Youngest son Vasyl: a generous ascetic

In the 1860s, the Symyrenko’s business sustained by a number of sad factors, both historical and family-related, from the Polish Insurrection of 1863, which shook the business model, to the death of the company’s founders, first Kindrat Yakhnenko and then Fedir Symyrenko. During the same period, Platon Symyrenko died at the age of 42. For the next 50 years, his role in supporting the Ukrainian cause went to his younger brother Vasyl.

By the end of the 1860s and early 1870s, the original enterprise of the Yakhnenkos and Symyrenko-Sr. had virtually gone bankrupt, so the young Vasyl had to completely abandon his family heritage and build his business from scratch.

A combination of entrepreneurial skills, hard work and a successful marriage – and in a few years Symyrenko bought the first sugar factory. A few decades later, his fortune was estimated at 10 million rubles – several hundred million dollars for modern money. 

Save on yourself, but not on culture

The life vicissitudes left a mark on Symyrenko’s way of life. Patron and public figure Yevhen Chykalenko in his memoirs described an interesting fact about Vasyl Symyrenko. One day, he went to visit a sugar magnate and saw that part of his room was filled with empty bundles of matches. To the question “Why is so?” full of surprise,  Symyrenko explained that he changes the bundles with full ones. However, eccentric habits and hyperbolically ascetic lifestyle did not make Symyrenko an analogue of Dickens’ Scrooge. On the contrary, he donated a significant part of his profits to the Ukrainian cause, and at his death, he bequeathed all his wealth to the needs of Ukrainians.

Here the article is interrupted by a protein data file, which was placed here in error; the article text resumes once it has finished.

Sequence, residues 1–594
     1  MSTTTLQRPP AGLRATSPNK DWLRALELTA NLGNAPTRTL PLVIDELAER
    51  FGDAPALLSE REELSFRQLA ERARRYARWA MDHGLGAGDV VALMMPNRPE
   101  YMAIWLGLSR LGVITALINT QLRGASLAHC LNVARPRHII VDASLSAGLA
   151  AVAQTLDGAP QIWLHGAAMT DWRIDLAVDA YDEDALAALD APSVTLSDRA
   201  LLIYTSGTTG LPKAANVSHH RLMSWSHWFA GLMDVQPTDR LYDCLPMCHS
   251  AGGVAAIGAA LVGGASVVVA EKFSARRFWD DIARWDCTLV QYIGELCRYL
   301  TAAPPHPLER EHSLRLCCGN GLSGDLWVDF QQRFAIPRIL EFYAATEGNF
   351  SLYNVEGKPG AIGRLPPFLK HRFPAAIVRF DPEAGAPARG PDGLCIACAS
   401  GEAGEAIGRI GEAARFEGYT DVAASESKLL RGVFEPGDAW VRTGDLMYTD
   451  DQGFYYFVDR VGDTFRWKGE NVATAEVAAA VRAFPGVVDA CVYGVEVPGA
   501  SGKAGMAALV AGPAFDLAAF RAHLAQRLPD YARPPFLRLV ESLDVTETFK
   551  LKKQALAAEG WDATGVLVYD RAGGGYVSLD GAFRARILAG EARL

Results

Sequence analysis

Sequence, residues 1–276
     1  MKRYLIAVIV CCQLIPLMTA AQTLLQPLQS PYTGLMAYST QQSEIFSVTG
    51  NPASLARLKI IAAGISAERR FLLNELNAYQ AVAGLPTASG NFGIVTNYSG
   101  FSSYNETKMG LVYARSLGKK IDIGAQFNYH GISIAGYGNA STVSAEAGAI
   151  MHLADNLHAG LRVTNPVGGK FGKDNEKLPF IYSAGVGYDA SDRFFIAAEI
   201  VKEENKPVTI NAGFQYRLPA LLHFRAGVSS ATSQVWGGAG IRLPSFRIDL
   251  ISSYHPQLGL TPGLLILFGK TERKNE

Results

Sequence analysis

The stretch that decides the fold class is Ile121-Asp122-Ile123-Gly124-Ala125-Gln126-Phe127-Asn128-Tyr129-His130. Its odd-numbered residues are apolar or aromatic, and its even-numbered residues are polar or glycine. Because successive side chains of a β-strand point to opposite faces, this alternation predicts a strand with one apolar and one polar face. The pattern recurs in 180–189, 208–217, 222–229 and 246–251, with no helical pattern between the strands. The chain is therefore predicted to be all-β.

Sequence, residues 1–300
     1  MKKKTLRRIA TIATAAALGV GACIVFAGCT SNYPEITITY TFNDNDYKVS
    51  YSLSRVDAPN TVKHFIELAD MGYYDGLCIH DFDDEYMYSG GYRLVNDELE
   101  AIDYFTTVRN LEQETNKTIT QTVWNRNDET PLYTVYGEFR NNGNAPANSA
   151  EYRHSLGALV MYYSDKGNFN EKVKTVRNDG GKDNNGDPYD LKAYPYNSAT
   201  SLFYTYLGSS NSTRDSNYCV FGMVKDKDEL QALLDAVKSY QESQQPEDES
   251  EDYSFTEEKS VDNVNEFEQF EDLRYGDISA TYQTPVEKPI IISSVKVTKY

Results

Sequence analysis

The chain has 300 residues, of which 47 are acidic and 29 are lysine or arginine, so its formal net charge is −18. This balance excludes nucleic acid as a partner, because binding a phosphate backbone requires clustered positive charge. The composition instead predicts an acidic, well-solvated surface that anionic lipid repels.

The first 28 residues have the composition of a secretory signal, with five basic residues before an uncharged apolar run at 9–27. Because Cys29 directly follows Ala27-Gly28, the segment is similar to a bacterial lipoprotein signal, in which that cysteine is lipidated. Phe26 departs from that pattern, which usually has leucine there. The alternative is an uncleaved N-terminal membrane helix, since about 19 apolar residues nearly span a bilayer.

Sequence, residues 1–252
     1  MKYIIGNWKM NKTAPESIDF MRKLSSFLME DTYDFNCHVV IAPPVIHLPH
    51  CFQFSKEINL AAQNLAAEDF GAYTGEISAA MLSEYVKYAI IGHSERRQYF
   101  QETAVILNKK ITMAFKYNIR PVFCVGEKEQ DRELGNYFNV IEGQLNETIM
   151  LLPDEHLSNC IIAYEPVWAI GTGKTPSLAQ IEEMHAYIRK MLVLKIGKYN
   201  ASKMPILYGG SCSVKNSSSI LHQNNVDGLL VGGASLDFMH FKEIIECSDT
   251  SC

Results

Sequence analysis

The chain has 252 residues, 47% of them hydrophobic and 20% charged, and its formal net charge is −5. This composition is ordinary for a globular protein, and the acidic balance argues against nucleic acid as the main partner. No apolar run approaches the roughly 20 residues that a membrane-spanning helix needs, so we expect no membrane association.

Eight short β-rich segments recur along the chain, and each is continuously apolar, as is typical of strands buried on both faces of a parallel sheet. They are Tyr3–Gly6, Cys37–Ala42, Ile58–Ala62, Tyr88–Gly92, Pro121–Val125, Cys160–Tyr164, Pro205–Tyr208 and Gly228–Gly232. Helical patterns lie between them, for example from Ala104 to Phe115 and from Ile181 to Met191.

Money to support the literature

Vasyl Symyrenko financed the publication of Ukrainian periodicals such as Kyivska Staryna: according to Chykalenko’s memoirs, every year Symyrenko visited the editorial office to find out their financial needs and how to cover them.

Symyrenko was actively involved in the development of Ukrainian literature and book publishing. For example, he financially supported the activities of Ukrainian writers and scientists – Mykhailo Hrushevskyi, Lesya Ukrainka, Mykhailo Kotsyubynskyi. With the assistance of Vasyl Symyrenko, many books important to Ukrainians were published, from several editions of Kobzar to historical and legal editions, such as “The Court Rules of Little Rus People.”

Symyrenko supported the work of Ukrainian scientific and cultural institutions – for example, in 1912, the Shevchenko Scientific Society was able to buy a new house in Lviv for Symyrenko’s money, and a decade earlier, he contributed to the funding of the Academic House in Lviv, which was built on the initiative of Mykhailo Hrushevsky for Ukrainian young people.

It was important for the patron that Ukraine was not known abroad, so Symyrenko donated money to Ukrainian intellectuals such as Roman Sembratovych and Volodymyr Kushnir to publish materials about Ukraine in European languages.

For Vasyl Symyrenko and his older brother Platon, funding of Ukrainian cause was a very important task (if not a lifelong mission) that they did out of deep inner motivation rather than just for good reputation and for business interests. As Vasyl Symyrenko said,

“If Ukraine didn’t need money, I wouldn’t work so much.”

The campaign about Ukrainian benefactors “Who Stands behind this?” is created by Zagoriy Foundation in partnership with bit.ua. The material on the partner resource is posted at the link.